by Delano Squires
Anyone who has ever taken salsa lessons should know that men are traditionally responsible for taking the lead on the dance floor. This is true regardless of whether the man happens to be a better or more experienced dancer than his female dance partner. This concept reminds me of a conversation I had recently at a friend’s birthday barbecue in which I stated that a man should set the tone for his relationship; I likened the dynamic between a man and woman to that of a thermostat and thermometer. For example, a man who is overly excited about the woman he’s dating might have the relationship temperature up a few degrees too high, and her response (e.g. avoiding phone calls) should be an indicator that he needs to cool things down a bit. Likewise, a woman who expresses her disappointment in the lack of interest or effort on the man’s part is a signal that the temperature might need to be turned up a few degrees. Unsurprisingly, everyone did not share my view on this subject. One person felt that women should set the tone by creating an environment that makes a man comfortable being himself. In her view, women should take the initiative to set the course for the relationship.
To be clear, the conversation wasn’t meant to be an argument about who holds a more important role in a relationship or an attempt to draw battle lines in a fruitless power struggle. I firmly believe that both parties in a relationship must put forth effort if it is to be successful; my point was simply that a man who takes initiative serves as an antidote to the well-worn perception of men being passive participants in relationships. Our culture has taught us that generally speaking, a woman’s natural inclination is to seek stability while men have a propensity to seek variety. Therefore, without initiative on a man’s part a woman might think that she is just his “flavor of the month”. To be clear, the initiative I’m referencing here is not the superficial gestures that some men use as a means to an end (i.e. sex). I am talking about men who take the initiative to do what’s necessary to build a strong relationship foundation. This includes spending quality time, articulating feelings about the woman and the relationship at the appropriate time, and ensuring that one’s words and deeds are in alignment. I believe these types of actions take the adversarial nature and senseless game playing out of dating, courtship, and even marriage. All of these activities communicate to a woman that her mate is in the relationship because he wants to be there, not because of coercion, convenience, or comfort.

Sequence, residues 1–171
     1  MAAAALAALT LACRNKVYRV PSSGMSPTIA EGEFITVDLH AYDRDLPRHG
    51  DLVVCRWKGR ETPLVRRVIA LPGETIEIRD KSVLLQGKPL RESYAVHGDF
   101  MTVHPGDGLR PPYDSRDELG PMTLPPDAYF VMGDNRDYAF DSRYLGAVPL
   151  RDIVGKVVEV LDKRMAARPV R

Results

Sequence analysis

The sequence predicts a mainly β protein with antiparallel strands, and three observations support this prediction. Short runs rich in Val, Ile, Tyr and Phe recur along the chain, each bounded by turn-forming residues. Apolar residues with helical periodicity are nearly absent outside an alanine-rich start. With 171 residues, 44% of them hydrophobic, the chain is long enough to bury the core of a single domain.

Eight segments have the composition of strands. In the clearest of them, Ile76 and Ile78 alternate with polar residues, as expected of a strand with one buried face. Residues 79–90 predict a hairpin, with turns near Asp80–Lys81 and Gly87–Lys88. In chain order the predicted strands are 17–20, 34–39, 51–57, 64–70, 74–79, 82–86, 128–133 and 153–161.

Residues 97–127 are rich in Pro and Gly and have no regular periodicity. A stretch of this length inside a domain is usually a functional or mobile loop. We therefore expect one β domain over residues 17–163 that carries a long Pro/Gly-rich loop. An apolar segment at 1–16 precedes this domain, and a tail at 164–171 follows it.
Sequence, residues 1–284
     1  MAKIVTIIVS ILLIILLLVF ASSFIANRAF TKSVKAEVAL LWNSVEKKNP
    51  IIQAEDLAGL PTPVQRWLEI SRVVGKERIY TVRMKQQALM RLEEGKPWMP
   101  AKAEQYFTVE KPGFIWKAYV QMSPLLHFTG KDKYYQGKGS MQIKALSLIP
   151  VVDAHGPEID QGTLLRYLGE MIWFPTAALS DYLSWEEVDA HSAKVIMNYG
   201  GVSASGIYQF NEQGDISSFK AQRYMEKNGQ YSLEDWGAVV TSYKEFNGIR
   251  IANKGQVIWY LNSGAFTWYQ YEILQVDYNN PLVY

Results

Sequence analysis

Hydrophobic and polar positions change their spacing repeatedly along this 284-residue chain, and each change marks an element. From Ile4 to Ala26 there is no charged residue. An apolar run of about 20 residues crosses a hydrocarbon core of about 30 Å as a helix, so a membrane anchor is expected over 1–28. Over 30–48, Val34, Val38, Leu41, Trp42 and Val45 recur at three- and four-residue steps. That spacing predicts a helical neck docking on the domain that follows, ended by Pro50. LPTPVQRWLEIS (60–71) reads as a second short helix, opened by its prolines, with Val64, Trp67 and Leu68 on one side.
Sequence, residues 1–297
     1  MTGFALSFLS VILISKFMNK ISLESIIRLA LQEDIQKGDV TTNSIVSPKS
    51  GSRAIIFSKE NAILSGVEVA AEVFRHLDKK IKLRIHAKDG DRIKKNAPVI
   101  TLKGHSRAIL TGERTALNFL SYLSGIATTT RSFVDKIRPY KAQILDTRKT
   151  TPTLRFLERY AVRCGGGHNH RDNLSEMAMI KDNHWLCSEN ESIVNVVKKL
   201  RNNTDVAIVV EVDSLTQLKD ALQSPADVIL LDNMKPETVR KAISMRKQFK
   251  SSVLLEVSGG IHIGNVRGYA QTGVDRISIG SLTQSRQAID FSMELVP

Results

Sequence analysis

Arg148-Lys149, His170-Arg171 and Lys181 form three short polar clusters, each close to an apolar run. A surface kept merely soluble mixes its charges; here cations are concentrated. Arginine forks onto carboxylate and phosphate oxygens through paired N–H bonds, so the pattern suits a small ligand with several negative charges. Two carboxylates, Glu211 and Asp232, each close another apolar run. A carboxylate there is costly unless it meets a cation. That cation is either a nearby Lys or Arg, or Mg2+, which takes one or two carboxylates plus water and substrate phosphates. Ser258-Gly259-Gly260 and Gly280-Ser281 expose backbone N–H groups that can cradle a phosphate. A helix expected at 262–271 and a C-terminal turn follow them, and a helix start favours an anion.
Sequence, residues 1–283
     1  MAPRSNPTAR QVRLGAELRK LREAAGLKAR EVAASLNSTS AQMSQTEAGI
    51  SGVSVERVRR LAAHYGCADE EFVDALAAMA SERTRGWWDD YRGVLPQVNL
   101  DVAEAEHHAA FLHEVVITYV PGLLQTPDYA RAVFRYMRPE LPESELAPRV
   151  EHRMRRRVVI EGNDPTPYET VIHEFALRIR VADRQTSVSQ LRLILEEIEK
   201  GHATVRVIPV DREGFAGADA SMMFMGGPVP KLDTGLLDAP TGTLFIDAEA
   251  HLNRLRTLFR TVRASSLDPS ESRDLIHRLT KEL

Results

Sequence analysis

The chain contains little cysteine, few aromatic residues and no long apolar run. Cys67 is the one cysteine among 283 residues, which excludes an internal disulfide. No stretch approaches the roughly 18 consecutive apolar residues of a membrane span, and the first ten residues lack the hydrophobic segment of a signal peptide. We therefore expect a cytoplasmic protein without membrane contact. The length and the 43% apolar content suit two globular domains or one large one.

Relationships often suffer because of a lack of clarity so a man who clearly articulates his vision or desires for the relationship goes a long way to removing some of the doubt and insecurity that can erode the relationship’s foundation. This is not to say that men don’t need to feel secure in their relationships. I once had a girlfriend tell me she was taking a break from the relationship to figure out whether she wanted to be with me or one of her close male friends who had previously expressed a romantic interest. Needless to say, that experience left me feeling less secure about my place in the relationship. The insecurity I reference here is not in relation to body image issues, the residue of past hurts in prior relationships, or some of the other internal issues that must be resolved on an individual basis. The insecurities to which I am referring are the feelings that arise when there is uncertainty about the status and direction of the relationship itself. Ultimately, both men and women must contribute to the growth and development of a relationship but similarly to dancing, someone must take the lead. Hopefully we won’t step on each other’s toes too many times in the process.
BMWK, who do you think should set the tone for the relationship? Does a man who takes initiative create a greater sense of security in the relationship?
Delano Squires is currently a graduate student in Race, Ethnicity, and Public Policy at the George Washington University. His focus is contemporary African American culture, urban education, and child development. Follow him on Twitter @Mr_Squires.